What’s your favorite memory with your pet: The first was the moment John D and I first met. It was love at first sight, and we immediately ran straight to each other and into a hug. It was like a slow motion scene from a romantic movie. You could not have pried that puppy out of my arms with a crowbar. I then noticed John D’s sister tentatively sneaking up on me. Before I knew it, she was also in my lap. One of my happiest moments was being totally suffocated by the fur of these two new fluffy creatures as we realized we were meant to be a family. With a mouth full of puppy fur, I could barely answer, “YES! YES! YES!” when the rescue group woman asked if I thought they should go home with me. Another favorite memory was on the first day of the Canine Human Cancer Detection research project at UAMS. For the study to move ahead, John D needed to prove a dog could be trained to recognize a scent associated with human cancer. We hoped we had trained John D on the correct target odor, but this was all groundbreaking science, and we were holding our breath. We weren’t even sure there WAS a detectable quality to cancer. We had to turn John D loose in a room filled with sample material. All were benign but one. John D was given the command to work, and he made a mad dash into the room and then he plopped down on the floor. We asked him if he could show us what he had found, and he picked up a paw and smacked it hard on top of a small dish. There, under his paw and right beside where he had laid down, was the container that held the cancer. John D had proven a canine could be taught to recognize a scent that could be used to diagnose human ovarian cancer.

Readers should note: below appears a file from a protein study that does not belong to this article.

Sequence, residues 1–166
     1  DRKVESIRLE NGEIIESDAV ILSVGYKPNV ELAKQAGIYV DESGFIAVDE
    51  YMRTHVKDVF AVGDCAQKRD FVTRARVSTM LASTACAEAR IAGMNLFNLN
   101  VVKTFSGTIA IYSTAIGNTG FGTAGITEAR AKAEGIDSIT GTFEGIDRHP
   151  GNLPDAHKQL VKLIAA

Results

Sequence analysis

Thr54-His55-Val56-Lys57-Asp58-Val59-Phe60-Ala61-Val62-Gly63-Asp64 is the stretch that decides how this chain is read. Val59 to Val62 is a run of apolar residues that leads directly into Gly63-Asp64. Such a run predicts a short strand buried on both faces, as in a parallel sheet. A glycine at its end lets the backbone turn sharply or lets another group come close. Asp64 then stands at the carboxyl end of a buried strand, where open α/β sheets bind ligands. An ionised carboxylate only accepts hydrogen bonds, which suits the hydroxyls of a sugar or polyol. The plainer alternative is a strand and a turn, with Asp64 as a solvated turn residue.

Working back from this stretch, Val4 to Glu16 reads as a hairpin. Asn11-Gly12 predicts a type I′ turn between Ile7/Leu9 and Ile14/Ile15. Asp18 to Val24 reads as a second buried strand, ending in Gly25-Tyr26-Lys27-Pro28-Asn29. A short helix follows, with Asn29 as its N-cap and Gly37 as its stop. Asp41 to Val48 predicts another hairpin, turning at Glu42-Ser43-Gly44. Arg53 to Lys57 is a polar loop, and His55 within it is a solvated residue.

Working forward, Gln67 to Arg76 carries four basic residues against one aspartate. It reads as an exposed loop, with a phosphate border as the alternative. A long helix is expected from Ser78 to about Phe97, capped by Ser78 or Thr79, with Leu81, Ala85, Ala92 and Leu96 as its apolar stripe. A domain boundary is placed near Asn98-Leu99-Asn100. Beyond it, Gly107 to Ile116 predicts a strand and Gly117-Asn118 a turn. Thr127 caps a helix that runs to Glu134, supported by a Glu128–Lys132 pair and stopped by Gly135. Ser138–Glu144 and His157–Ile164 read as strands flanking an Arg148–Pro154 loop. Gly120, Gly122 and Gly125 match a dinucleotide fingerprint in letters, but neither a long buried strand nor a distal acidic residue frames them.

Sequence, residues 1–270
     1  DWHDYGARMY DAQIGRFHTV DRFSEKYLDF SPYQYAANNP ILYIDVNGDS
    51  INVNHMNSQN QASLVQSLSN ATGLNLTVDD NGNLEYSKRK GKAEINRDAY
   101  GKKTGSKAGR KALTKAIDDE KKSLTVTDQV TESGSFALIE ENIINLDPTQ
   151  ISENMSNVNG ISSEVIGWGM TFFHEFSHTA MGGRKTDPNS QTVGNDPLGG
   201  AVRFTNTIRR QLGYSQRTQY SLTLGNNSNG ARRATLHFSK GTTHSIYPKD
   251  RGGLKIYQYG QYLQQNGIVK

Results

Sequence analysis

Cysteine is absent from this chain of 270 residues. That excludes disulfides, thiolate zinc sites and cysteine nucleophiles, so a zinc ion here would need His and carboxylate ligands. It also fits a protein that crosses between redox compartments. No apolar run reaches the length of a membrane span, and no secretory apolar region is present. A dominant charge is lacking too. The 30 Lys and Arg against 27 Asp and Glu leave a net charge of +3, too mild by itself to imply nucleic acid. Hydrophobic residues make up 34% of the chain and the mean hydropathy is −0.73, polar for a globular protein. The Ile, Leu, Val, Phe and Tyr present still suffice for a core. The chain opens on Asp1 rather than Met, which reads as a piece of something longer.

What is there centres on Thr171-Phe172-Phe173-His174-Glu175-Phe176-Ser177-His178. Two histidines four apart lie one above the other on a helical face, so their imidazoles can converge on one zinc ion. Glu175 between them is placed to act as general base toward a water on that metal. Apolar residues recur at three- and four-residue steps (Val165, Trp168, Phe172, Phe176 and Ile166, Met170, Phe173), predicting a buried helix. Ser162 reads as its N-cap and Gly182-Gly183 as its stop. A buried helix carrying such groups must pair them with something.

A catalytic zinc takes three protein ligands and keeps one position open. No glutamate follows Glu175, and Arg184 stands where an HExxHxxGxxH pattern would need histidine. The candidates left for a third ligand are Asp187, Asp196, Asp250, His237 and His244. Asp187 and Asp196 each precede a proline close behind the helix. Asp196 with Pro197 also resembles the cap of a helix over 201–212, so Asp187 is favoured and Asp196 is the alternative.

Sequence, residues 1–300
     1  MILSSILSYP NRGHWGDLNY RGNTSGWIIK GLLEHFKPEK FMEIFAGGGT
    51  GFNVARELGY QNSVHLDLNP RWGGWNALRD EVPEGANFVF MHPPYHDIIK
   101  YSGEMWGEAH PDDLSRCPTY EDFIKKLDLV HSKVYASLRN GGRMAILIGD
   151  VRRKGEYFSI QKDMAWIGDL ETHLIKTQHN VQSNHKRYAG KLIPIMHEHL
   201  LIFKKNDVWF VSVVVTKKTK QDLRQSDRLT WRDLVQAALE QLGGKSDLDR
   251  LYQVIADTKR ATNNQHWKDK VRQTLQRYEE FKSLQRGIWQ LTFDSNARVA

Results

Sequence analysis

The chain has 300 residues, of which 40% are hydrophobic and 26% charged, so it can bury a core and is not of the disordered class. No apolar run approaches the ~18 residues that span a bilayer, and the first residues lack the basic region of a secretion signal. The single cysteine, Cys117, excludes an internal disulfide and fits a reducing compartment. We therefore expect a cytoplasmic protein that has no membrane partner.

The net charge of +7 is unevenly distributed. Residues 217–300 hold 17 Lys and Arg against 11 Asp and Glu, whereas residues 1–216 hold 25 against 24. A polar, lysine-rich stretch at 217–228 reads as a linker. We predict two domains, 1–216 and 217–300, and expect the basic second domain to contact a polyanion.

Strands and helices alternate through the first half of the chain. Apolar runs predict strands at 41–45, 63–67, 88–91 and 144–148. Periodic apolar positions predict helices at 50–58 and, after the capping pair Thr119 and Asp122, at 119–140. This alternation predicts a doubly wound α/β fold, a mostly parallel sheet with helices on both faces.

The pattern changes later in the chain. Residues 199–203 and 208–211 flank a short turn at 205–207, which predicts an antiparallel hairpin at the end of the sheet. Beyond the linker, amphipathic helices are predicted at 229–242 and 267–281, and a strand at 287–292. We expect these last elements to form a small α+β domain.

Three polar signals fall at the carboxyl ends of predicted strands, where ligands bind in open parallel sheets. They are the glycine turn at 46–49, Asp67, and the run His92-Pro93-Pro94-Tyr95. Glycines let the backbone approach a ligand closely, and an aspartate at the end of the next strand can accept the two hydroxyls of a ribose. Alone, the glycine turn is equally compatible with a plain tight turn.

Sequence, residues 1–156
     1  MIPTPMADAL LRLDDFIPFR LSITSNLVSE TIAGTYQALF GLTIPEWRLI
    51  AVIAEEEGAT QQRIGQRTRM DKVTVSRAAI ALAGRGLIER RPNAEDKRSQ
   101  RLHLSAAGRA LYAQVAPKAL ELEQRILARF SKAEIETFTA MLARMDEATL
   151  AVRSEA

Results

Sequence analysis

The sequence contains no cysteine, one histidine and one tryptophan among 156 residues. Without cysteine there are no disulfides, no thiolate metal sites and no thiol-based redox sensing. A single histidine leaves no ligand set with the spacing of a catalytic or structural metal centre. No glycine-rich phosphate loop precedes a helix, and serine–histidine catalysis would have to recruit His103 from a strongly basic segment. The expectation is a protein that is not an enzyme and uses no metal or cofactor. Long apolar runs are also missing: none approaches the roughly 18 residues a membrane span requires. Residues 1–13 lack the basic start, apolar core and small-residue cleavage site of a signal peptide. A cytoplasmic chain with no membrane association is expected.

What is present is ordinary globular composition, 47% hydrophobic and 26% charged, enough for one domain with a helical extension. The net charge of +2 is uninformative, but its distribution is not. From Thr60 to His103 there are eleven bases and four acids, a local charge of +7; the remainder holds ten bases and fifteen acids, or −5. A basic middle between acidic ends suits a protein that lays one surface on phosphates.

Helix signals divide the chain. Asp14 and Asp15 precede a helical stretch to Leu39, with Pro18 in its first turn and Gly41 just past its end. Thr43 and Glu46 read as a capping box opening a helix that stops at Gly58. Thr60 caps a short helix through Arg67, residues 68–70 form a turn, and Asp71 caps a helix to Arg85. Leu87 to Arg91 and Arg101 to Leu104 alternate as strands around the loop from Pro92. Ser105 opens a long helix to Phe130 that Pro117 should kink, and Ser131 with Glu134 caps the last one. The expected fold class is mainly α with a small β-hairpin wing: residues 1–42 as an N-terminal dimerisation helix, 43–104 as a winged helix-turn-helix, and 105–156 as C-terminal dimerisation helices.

What activities do you and your pet enjoy together: Weekly, John D and I train for Search and Rescue (SAR) response duties both with our SAR group and as a dog handling team. We also go into the labs to work with human cancer detection. When we aren’t doing what we love most, John D and I might be visiting an oncology clinic so John D can sit by the patients as they receive chemo infusions. Often, he slips his paw into their hand, and they stay like that during treatment. Almost every cheeseburger restaurant recognizes John D and Glee because we also enjoy al fresco cheeseburger dinners frequently. I am just the leash holder and the person who pays the bill, as John D and Glee shake hands and trade hugs with their fellow diners and friends. This October, John D and I will be traveling to Hollywood to participate in a red carpet event. John D will be named 2013 Search and Rescue Hero Dog of the Year in a televised event with stars like Betty White, Whoopi Goldberg, Kristen Chenowith and a host of other celebrities. John D has absolutely no clue he has done anything special. He does whatever I ask of him, and he does it to the best of his ability.
Other info: John D was left as worthless at a shelter. He only needed the chance to be loved to prove he was priceless. There is a hero waiting for that same chance at a shelter right now.